This is another post in the series of how to protect SSH keys with hardware, making them impossible to steal.
This means that you know that your piece of hardware (e.g. Yubikey or TPM inside your laptop) was actively involved in the transaction, and not, say, turned off and disconnected from the Internet at the time (like in a safe or on an airplane).
What’s new this time is that we can now have a physical presence test on every use of the key. That means that even if someone hacks your workstation completely and installs a keylogger to get your PIN, unless they also break into your home they can’t use the key even while the machine is on and connected. Evil hackers in another country are out of luck.Read the rest of this entry »
This post explains how to set up a keyboard layout the way I like it. It may not fit you at all, but it may give you ideas that would work for you.
In short: I remap Caps Lock to add some extra keys.Read the rest of this entry »
This is just notes in case I need to do this again. It’s for my QPov project.
Read the rest of this entry »
sudo apt-get install autoconf libboost-all-dev libjpeg-dev libtiff-dev libpng-dev git clone https://github.com/POV-Ray/povray.git cd povray git checkout --track -b 3.7-stable origin/3.7-stable cd unix ./prebuild.sh cd .. ./configure --prefix=$HOME/opt/povray COMPILED_BY="My_Name on RPi" make make install
If you have BT broadband and want to graph the synced speed and actual use of your broadband connection, and you use the BT provided router (Home Hub), then you can’t use SNMP to get these counters. But you can get the data over HTTP without too much trouble. Here’s some ugly one-liners for doing that.Read the rest of this entry »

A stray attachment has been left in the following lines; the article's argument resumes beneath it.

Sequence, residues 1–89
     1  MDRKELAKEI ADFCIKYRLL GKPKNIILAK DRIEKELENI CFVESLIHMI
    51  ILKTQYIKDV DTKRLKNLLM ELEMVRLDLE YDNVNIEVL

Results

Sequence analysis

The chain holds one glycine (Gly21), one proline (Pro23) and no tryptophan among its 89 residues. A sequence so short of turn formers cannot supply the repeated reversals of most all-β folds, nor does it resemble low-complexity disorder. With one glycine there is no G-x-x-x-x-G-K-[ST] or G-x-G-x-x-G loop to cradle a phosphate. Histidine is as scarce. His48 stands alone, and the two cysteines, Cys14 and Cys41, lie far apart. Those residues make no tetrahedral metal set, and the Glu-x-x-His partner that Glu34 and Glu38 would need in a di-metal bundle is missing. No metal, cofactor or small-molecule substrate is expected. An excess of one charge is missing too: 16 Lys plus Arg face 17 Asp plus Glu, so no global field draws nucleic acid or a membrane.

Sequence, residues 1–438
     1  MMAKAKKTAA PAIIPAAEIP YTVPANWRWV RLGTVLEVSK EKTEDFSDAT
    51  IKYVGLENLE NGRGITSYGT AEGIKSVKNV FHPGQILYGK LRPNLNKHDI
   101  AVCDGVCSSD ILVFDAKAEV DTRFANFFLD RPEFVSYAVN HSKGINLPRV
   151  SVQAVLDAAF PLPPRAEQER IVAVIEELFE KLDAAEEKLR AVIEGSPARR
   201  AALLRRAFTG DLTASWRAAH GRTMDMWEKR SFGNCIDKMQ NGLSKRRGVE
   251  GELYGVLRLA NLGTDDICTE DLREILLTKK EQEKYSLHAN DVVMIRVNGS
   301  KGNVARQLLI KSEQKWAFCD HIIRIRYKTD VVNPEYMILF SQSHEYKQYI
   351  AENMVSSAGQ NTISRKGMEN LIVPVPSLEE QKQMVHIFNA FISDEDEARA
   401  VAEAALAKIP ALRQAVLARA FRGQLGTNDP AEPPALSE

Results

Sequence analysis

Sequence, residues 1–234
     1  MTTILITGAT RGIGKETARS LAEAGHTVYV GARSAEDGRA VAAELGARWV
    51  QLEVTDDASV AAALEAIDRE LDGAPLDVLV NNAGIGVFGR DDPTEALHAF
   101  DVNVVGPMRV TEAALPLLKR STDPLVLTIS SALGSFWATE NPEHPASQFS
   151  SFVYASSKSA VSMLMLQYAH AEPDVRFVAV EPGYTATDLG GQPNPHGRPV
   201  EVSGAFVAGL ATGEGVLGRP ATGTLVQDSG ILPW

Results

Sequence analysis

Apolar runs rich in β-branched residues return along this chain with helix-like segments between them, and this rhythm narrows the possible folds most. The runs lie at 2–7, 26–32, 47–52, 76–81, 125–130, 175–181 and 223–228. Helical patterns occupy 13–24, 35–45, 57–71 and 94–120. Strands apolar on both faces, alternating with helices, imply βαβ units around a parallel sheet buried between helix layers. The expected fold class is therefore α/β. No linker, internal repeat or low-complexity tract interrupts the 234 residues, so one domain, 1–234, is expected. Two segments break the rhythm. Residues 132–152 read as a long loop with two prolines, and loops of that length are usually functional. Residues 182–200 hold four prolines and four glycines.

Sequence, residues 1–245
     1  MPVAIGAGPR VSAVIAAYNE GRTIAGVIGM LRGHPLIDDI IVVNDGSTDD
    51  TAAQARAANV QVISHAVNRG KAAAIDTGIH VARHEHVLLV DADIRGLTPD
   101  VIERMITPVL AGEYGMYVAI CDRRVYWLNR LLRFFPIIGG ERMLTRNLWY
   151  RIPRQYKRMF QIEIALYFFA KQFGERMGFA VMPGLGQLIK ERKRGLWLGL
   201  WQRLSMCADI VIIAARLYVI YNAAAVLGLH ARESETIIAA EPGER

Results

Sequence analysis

These are my notes on how to set up a system securely, in a way that would prevent attackers from being capable of performing an “evil maid attack”.Read the rest of this entry »
I decided to combine these two problems into one solution:
- Modern CPUs are idle way too much of the time. Why have all this computational power if we don’t use it?
- I have these funny old Quake demos that there’s no good way to convert to something playable.
My solution is to convert Quake .dem files to .pov files and render them with POV-Ray.
Update: New better screenshot:Read the rest of this entry »
You spend all your waking time at a keyboard. This blog post is about keyboards, and can be summarized as: Buy quality, cry once.Read the rest of this entry »
I've previously blogged about a secure connection between browser and proxy. Unfortunately that doesn't work on Android yet, since except if you use Google for Work (an enterprise offering) you can't set Proxy Auto-Config.
This post shows you how to get that working for Android. Also it skips the stunnel hop since it doesn't add value and only makes Squid not know your real address. I'm here also using username and password to authenticate to the proxy instead of client certificates, to make it easier to set up.Read the rest of this entry »
This is just a quick note on how to create .icc colour profiles in Linux. You need a colour calibrator (piece of hardware) for this to be useful to you.
Read the rest of this entry »#!/bin/sh NAME=$1 COLOR=$2 DESC="Some random machine" QUALITY=h # or l for low, m for medium set -e dispcal -m -H -q $QUALITY -y l -F -t $COLOR -g 2.2 $NAME targen -v -d 3 -G -e 4 -s 5 -g 17 -f 64 $NAME dispread -v -H -N -y l -F -k $NAME.cal $NAME colprof -v -D $DESC -q m -a G -Z p -n c $NAME dispwin -I $NAME.icc
Let's say you don't have a TPM chip, or you hate them, or for some other reason don't want to use it to protect your SSH keys. There's still hope! Here's a way to make it possible to use a key without having access to it. Meaning if you get hacked the key can't be stolen.Read the rest of this entry »